In almost every example of romantic epics, and definitely every story concerning King Arthur and the Knights of the Round Table, the characters carefully adhere to a strict code known as the chivalric code.. The five main tenets of chivalric code or in other words the knightly code are: showing courage and bravery, being honest, having honor and being respected among peers, being kind to others, and being courteous and well-mannered especially toward females. Gawain is the very embodiment of these chivalric values but through his encounter with the Green knight and the lady he fails to uphold the code because of its rigidness and strictness.. Violence is the mechanism that Gawain uses to gain his capital which is honor and the upholding of the chivalric code. Even though violence does lead Gawain to respect and honor in the end of the poem Gawain points out how cowardly it is to follow a code that is so strict, that it allows no room for any human mistakes and that he was justified in trying to save his life over his honor.
Sir Gawain fulfills his requirements of the five tenets right from the beginning of the poem, as he shows courage and why he can be seen as the greatest knight in the round table. Sir Gawain asks Arthur to allow him to take the challenge. When the Green Knight first challenges the knights in Arthurs Court, it is King Arthur who takes up the challenge at first. But Gawain is quick to step in take the place of King Arthur as he says “I am the weakest of your warriors and feeblest of wit; loss of my life would be grieved the least” (Gawain 354-355). Gawain does not think highly of himself and feels that the only reason he is a knight of Arthur's court is because he is Arthur's nephew...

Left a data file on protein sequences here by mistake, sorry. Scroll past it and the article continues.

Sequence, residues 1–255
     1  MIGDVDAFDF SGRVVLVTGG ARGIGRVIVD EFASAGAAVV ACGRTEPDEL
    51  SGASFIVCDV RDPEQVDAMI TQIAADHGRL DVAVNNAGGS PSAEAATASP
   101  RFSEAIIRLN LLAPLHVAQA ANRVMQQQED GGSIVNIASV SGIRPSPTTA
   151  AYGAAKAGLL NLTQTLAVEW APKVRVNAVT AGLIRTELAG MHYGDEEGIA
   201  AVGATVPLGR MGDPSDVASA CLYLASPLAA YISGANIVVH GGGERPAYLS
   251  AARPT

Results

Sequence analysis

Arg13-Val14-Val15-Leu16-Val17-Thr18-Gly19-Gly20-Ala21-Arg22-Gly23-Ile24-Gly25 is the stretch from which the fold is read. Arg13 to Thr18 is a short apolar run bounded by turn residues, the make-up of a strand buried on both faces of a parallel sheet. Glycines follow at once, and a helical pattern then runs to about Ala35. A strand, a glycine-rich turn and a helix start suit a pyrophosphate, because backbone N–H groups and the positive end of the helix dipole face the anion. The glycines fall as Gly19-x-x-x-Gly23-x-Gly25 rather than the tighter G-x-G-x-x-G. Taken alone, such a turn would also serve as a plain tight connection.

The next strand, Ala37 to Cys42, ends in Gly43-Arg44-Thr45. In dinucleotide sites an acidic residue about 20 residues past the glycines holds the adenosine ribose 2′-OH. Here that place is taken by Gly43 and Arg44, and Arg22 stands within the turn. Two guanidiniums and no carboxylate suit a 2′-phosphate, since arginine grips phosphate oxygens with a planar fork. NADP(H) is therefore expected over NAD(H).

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...rtesy toward females are all tested in the poem. Sir Gawain who is supposed to embody these principles is tested by the Green knight and the lady and he fails to uphold the chivalric code. The failure leaves Gawain scarred for life but it also reflects a change in attitude towards capital violence and the role that it should play in the knights’ life. Gawain makes clear that there is a limit to how loyal and strict a knight can be when he is following the chivalric code and that the demands of the code are so immense that eventually a knight will fail to uphold the code. But this failure to uphold the code and not adhering to capital violence does not show cowardice and is in reality just human mistakes that are expected and are justified
Armitage, Simon. Sir Gawain and the Green Knight: A New Verse Translation. New York:
W.W. Norton, 2008. Print.
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